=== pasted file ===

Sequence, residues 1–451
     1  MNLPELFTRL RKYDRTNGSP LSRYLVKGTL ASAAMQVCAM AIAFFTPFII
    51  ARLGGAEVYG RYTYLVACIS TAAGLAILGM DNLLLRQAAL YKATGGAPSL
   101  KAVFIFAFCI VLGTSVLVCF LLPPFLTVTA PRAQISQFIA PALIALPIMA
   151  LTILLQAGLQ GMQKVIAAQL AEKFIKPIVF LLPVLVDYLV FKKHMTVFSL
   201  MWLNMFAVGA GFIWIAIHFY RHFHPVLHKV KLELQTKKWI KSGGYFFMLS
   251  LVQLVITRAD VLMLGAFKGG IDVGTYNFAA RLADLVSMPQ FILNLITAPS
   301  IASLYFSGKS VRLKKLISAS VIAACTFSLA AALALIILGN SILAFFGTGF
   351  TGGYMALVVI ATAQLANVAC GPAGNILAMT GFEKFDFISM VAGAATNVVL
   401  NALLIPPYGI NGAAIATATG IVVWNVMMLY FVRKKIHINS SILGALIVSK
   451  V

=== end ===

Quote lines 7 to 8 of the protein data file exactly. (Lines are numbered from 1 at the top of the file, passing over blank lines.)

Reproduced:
   251  LVQLVITRAD VLMLGAFKGG IDVGTYNFAA RLADLVSMPQ FILNLITAPS
   301  IASLYFSGKS VRLKKLISAS VIAACTFSLA AALALIILGN SILAFFGTGF